If you could give advice to a younger version of yourself, what would you say? A recent YouTube campaign explores this question, specifically targeting young girls.
This Youtube campaign entitled “#DearMe” became popularized with International Women’s Day which took place on March 8 this year. It aims to empower young girls struggling with problems and remind them that the future is always brighter. #DearMe is closely linked to the “#ItGetsBetter” project, which helped those facing different forms of harassment.
Participants of #DearMe, primarily girls in their late teens and older, start by writing a letter to their younger selves, addressing some of the problems they faced at that age and the best way to deal with them having the experience they do now. YouTube comes into play when those girls post a video of themselves reading the letter to the website.
#DearMe was further popularized by well known YouTube “queens” like Michelle Phan, Hannah Hart and Brittani Louise Taylor, who each contributed to the campaign. What makes their involvement in the campaign so important is that through their letters, these female pathmakers show their vulnerability. Because they are somewhat influential over the lives of young girls, it almost doesn’t seem ideal to express this side of their emotions, but it’s a great way to further relate to and inspire the ones who look up to them. For example, in her #DearMe video, Hannah Hart says, “You change careers three or four times so whatever you think your goals are right now, awesome. Go for it. Don’t stress out if they don’t happen right off the bat.” For girls with high aspirations, hearing things like this from successful YouTubers may comfort them.
The only downside to #DearMe is that because it’s primarily YouTube based, women in their thirties and older aren’t as much of an influence as the YouTube icons, most of whom are currently in their late teens and twenties. This isn’t that much older than the girls watching their videos, so is their advice still beneficial? Wisdom is usually accredited to the women who are emotionally mature with plenty of life experience. It’s even better if they themselves are parents and are watching their children go through things similar to what they did. Therefore, their advice may be even more helpful than the advice of twenty-somethings.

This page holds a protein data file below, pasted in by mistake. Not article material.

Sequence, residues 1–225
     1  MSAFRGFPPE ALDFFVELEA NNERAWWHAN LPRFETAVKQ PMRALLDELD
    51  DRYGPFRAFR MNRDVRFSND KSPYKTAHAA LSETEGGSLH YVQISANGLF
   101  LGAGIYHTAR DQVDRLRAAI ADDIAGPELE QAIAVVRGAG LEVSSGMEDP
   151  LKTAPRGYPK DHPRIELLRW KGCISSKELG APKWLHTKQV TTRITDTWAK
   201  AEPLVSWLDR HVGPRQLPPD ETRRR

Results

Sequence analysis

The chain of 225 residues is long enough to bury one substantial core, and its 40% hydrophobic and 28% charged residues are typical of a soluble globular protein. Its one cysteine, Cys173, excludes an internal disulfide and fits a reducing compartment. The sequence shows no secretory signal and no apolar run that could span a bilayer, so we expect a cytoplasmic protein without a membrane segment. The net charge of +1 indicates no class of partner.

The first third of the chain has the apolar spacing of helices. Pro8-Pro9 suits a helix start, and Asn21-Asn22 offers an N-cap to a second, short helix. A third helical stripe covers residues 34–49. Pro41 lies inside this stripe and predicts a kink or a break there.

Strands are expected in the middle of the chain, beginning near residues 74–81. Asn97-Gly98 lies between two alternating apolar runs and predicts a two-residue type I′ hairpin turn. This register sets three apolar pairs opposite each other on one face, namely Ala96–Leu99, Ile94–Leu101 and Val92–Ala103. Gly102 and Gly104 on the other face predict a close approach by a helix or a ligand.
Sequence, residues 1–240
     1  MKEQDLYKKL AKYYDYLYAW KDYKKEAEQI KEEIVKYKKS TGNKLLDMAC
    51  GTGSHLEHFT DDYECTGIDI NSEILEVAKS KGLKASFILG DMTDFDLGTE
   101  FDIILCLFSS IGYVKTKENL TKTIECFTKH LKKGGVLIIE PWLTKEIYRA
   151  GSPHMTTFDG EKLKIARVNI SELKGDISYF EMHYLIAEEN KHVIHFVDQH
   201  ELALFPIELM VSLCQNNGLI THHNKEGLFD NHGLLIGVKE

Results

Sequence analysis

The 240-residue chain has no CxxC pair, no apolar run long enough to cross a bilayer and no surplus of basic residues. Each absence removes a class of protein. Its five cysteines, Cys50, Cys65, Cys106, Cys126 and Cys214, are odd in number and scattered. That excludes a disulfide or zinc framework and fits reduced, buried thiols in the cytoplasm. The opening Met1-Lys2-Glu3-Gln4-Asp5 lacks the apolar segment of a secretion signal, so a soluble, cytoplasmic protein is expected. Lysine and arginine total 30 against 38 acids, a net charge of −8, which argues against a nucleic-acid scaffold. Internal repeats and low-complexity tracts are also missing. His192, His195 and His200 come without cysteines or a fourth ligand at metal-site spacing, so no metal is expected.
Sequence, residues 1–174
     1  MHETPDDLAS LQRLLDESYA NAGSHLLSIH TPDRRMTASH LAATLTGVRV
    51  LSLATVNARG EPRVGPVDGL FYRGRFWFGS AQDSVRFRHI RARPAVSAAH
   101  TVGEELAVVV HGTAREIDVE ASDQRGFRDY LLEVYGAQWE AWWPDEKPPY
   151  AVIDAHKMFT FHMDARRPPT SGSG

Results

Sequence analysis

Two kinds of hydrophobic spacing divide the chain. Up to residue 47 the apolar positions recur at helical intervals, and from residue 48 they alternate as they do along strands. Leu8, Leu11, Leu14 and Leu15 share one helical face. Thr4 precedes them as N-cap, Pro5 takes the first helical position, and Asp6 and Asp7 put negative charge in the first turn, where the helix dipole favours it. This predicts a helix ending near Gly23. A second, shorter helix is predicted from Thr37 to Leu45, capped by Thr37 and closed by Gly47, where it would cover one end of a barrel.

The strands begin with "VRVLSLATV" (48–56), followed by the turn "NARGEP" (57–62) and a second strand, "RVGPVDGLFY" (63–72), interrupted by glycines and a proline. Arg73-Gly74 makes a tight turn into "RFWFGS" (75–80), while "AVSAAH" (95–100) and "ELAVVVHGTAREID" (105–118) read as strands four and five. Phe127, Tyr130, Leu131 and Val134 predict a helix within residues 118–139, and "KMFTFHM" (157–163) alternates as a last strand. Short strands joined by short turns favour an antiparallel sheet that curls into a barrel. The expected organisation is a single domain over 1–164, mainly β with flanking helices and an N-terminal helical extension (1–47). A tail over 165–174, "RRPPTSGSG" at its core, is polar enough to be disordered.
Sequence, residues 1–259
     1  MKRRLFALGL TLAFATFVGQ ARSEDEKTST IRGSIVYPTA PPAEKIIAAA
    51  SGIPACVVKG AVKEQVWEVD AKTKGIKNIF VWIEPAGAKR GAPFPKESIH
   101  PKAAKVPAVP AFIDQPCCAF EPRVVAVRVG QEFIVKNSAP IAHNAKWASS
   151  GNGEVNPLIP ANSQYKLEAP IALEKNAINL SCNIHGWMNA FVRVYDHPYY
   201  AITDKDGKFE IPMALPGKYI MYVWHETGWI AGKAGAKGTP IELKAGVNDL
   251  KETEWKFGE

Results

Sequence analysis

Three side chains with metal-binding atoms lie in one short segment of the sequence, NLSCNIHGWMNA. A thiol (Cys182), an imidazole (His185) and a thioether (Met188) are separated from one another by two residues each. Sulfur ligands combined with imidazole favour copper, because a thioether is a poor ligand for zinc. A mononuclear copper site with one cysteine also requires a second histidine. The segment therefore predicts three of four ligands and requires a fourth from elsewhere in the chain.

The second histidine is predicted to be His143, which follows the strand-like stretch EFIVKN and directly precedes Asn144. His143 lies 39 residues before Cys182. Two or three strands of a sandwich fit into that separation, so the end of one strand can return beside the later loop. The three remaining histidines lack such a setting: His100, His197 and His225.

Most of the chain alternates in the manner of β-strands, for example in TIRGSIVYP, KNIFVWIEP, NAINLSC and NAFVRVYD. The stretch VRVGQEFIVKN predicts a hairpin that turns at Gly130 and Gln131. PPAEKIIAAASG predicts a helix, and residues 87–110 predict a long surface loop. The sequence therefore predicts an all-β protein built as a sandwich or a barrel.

Mrs. Dinkenor, Leesville Road High School English teacher, proved this theory when asked about what she would say to her high school self: “This too shall pass. You are enough…It’s okay to strive to be better, but you are enough and you don’t have to be what somebody else wants you to be.”
For most teenagers, Dinkenor’s advice is important, but it’s advice they might not truly understand until they’re old enough to look back and reflect upon their years.
Looking back at her own school experience, for example, Dinkenor now highly encourages her children to do more of the things she wishes she had done, like “have more fun.” She recently exercised this mindset, saying, “I’ve got a daughter who, next week, got the opportunity to go to the beach with friends for Spring Break and she’s like, ‘I feel like I need to be in school.’ I said, ‘You’re in seventh grade once–go to the beach.’” With high-achieving students, the concept of having fun tends to be forgotten among the notorious burden of school-work and maintaining good grades. It’s not until a person is older that they realize sometimes having fun is more important than getting things done.
In general, #DearMe videos are important and have the ability to make a strong impact on the betterment of the next few generations. No matter where a person comes from our how old they are, life is full of positive and negative experiences. There is a considerable amount of growth received from both success and failure, as people are constantly learning new things about themselves as they grow up. Therefore, it’s great to have a way to connect to those who have gone through similar successes/failures and are willing to share their own advice on the matter.